The death of at least 11 Egyptian protesters and the injury of dozens more in the Abbasiyah neighborhood of Cairo Wednesday, as well as the continuing violence in Syria, are the two major events making headlines in the Arab media Thursday.

“Egypt: The ‘Abbasiyah massacre’ unites forces against the military,” reads the headline of liberal daily Al-Hayat, published in London. The daily reports that most political parties in Egypt are blaming the Supreme Council of Armed Forces (SCAF) for the bloodbath, forcing the de facto leaders of Egypt to reiterate their commitment to handing over power to a civilian authority at the end of May.

Egypt’s establishment daily Al-Ahram dubs the events a “horrible massacre,” putting the number of dead and injured at 76, according to the health ministry.

“‘Blood’ in Abbasiyah places Egypt in new frenzy,” reads the headline of Saudi-owned daily A-Sharq Al-Awsat. It portrays the clashes across from Egypt’s Defense Ministry as taking place between “unknown assailants” and supporters of disqualified presidential candidate Hazem Abu-Ismail, a hard-line Islamist. The daily reports that the violence in Egypt is scaring away investors at a critical time for Egypt’s economy. The Egyptian stock market lost more than half a million dollars following the violence.

Saudi-owned news site Elaph quotes opposition sources expressing their fear that the new bout of violence in Egypt may be used as an excuse by the military to postpone the elections. The site reports that two presidential candidates, Muhammad Mursi of the Muslim Brotherhood and Abd Al-Munim Abu-Fattouh, the independent Islamist, have decided to suspend their campaigns following the violence.

In an Al-Hayat editorial titled “Before the end in Egypt,” columnist Zoheir Quseibati writes that not much has changed in Egypt’s violent street clashes despite the success of last year’s revolution.

“The death ratio in post-revolutionary Egypt cannot be compared with its equivalent in Syria, but the ‘million-man protests’ expressing the crisis of faith in the military and the clashes between Islamist and liberal forces raise the fear of collapse,” he writes.

Meanwhile, in Syria…

Violence in Syria is continuing unabated. Arab newspapers are quoting Western human rights organizations reporting wide-scale violations, especially in the city of Idlib.

“Human Rights Watch: Hundreds of homes burned in Idlib,” reads the headline in A-Sharq Al-Awsat, quoting a report by the international organization indicating the death of 95 civilians and the destruction of hundreds of homes in the northern part of Idlib province.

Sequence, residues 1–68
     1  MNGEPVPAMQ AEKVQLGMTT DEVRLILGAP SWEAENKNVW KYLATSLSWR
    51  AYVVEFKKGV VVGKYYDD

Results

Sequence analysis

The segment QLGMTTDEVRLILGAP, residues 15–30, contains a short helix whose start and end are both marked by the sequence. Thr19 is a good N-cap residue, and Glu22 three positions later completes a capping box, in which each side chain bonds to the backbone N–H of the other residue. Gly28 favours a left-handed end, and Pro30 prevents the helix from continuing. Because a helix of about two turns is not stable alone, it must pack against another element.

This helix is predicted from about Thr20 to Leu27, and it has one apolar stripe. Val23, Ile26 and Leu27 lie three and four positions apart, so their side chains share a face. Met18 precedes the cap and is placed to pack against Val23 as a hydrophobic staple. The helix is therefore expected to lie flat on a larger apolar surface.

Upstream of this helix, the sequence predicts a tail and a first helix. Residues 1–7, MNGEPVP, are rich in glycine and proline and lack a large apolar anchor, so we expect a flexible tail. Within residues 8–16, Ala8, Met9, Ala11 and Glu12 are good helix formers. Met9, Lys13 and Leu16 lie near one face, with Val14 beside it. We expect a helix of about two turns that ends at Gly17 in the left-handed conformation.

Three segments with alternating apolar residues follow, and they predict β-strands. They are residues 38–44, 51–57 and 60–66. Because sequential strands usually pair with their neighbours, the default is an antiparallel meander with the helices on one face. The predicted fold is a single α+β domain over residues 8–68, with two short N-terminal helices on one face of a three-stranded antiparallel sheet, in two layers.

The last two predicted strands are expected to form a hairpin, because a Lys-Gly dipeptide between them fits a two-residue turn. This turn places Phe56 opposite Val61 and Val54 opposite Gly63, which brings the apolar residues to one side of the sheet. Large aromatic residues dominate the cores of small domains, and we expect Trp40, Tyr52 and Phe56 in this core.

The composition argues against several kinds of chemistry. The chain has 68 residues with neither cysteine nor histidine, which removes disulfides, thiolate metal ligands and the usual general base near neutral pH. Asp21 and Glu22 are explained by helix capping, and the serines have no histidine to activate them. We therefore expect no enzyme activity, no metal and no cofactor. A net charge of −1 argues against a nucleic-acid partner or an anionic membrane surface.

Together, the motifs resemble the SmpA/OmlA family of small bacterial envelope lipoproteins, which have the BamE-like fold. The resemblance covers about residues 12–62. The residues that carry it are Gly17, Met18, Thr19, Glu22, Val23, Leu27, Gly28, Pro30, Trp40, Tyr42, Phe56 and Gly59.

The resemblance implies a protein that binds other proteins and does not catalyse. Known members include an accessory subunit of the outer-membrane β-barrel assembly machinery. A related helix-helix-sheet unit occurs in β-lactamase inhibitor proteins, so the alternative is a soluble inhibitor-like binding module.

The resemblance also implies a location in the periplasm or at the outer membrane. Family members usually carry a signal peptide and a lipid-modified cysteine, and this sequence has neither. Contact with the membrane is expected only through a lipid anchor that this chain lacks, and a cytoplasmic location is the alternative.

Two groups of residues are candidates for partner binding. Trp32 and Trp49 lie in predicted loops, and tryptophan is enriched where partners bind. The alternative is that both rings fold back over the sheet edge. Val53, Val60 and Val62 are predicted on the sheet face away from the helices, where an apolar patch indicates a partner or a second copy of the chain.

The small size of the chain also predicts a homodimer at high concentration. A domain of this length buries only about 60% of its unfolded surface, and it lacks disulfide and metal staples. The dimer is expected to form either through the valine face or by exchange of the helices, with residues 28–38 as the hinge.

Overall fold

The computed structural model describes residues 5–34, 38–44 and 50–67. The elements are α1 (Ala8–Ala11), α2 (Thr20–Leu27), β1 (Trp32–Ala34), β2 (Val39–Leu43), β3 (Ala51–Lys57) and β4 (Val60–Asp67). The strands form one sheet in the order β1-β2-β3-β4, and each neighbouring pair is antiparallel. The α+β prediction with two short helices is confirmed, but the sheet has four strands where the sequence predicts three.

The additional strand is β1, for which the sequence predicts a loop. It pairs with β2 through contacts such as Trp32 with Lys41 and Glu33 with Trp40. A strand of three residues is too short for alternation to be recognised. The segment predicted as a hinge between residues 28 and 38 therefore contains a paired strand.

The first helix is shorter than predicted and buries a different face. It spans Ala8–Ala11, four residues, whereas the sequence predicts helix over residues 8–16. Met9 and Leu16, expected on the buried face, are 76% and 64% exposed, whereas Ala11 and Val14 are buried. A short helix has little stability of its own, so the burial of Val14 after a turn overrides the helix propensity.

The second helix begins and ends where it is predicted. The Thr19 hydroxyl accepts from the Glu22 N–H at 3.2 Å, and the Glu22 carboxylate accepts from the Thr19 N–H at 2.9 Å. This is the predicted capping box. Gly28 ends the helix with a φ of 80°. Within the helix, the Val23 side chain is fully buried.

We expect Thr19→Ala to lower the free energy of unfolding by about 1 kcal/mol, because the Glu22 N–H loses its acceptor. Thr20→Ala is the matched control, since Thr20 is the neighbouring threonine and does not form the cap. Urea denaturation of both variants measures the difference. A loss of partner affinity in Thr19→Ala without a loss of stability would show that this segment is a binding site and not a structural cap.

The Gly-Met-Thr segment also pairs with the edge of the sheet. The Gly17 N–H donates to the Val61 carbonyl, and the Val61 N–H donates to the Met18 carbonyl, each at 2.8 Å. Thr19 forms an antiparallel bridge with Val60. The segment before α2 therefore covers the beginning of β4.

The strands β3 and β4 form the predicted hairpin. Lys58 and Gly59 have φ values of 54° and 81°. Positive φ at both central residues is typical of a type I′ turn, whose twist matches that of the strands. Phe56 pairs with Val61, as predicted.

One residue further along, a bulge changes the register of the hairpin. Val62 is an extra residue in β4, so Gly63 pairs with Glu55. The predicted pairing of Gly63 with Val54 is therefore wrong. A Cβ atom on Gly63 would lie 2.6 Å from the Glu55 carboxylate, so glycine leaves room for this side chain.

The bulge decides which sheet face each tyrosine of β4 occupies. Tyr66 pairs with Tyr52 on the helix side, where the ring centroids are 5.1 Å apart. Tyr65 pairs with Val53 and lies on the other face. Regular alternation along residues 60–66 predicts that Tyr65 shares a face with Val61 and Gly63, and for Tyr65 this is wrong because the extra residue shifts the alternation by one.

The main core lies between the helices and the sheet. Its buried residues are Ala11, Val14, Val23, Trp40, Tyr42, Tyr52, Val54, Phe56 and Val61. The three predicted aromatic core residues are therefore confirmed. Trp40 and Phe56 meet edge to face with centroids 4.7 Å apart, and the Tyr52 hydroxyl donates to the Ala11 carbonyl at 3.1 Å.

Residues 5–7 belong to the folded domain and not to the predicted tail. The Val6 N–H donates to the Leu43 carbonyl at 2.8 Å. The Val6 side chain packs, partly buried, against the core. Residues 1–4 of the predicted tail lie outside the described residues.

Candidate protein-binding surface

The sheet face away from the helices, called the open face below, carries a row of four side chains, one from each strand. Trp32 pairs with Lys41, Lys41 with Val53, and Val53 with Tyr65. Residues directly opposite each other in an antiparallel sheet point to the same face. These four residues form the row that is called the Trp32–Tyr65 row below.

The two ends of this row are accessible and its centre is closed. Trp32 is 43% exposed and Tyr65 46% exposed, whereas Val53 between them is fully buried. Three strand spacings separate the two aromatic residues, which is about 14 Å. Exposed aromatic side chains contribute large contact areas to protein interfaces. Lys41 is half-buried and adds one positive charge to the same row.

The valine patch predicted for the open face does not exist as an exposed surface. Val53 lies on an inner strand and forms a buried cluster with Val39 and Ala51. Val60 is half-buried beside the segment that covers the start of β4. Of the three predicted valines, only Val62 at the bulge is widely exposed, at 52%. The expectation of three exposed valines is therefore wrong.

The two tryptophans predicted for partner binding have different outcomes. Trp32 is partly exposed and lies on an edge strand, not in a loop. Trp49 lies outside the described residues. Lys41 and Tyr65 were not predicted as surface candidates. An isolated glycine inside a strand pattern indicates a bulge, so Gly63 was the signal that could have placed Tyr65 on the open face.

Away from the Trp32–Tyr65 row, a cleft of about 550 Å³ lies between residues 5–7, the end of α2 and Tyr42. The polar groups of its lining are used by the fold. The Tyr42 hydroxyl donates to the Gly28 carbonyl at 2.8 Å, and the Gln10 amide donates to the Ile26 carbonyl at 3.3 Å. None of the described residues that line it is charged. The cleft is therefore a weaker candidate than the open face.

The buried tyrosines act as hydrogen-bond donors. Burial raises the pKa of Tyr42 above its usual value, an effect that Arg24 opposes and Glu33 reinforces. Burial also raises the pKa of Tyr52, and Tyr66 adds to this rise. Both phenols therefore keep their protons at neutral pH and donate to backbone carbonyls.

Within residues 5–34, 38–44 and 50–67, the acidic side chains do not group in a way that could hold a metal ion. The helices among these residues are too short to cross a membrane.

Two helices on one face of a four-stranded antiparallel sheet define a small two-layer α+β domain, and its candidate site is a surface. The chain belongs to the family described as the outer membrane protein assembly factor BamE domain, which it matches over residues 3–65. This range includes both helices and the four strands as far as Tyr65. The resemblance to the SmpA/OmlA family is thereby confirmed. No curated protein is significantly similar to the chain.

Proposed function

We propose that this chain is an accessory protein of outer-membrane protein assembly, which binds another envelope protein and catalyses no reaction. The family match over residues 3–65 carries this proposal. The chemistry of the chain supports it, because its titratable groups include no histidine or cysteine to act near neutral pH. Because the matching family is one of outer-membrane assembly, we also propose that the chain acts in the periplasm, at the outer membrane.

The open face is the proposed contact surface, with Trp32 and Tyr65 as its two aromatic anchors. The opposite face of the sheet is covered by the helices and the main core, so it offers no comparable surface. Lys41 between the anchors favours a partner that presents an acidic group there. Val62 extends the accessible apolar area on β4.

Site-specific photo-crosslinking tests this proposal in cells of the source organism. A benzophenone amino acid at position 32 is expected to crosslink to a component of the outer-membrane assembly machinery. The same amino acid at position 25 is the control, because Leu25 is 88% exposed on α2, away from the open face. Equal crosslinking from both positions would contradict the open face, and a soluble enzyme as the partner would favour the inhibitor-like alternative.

Al-Hayat reports that the Syrian army has suffered its biggest losses in fighting with the opposition since the start of the ceasefire in early April. The military lost at least 22 soldiers in the region of Aleppo, the daily claims in an article titled “Army suffers grave losses in Aleppo and ‘war crimes’ in Idlib.” The photo accompanying the article displays Syrian soldiers questioning two veiled women at the entrance to the Baba Amr neighborhood of Homs.

A-Sharq Al-Awsat columnist Salah Qalab writes that at the start of the Syrian revolution there was hope that the military would stage a coup to save the country from falling into civil war.

“But more than a year of waiting has gone by, and no such ‘rescue coup’ has taken place…  but now, after all this, is there no hope that a ‘rescue coup’ will happen… even if late and at the last moment?!”

‘Transitional’ Jordanian government sworn in

The new Jordanian government sworn in Wednesday is reported as the top story in Arab-nationalist daily Al-Quds Al-Arabi. According to the daily’s Jordan analyst Bassam Badarin, the new government headed by Fayez Tarawneh is “technocratic and tribal.” He says the Palestinian population was given six portfolios, while — unusually — only one woman was appointed as state minister for women’s affairs.

Dubai-based news channel Al-Arabiyah stresses this point, noting that only one woman was appointed minister alongside 29 men.

“The new government can be described as a government of geographic and demographic allocations par excellence, in hope that it will satisfy all tribal power bases surrounding the capital Amman, ignoring the center itself.”

According to Al-Arabiyah, King Abdullah II blamed outgoing prime minister Awn Khasawneh for stalling in implementation of reforms the king was pushing.

“We are going through a sensitive stage and are committed to our people and and world to realize reform,” the king wrote Khasawneh in an open letter. “We do not have much time nor the possibility to postpone what we have committed to.”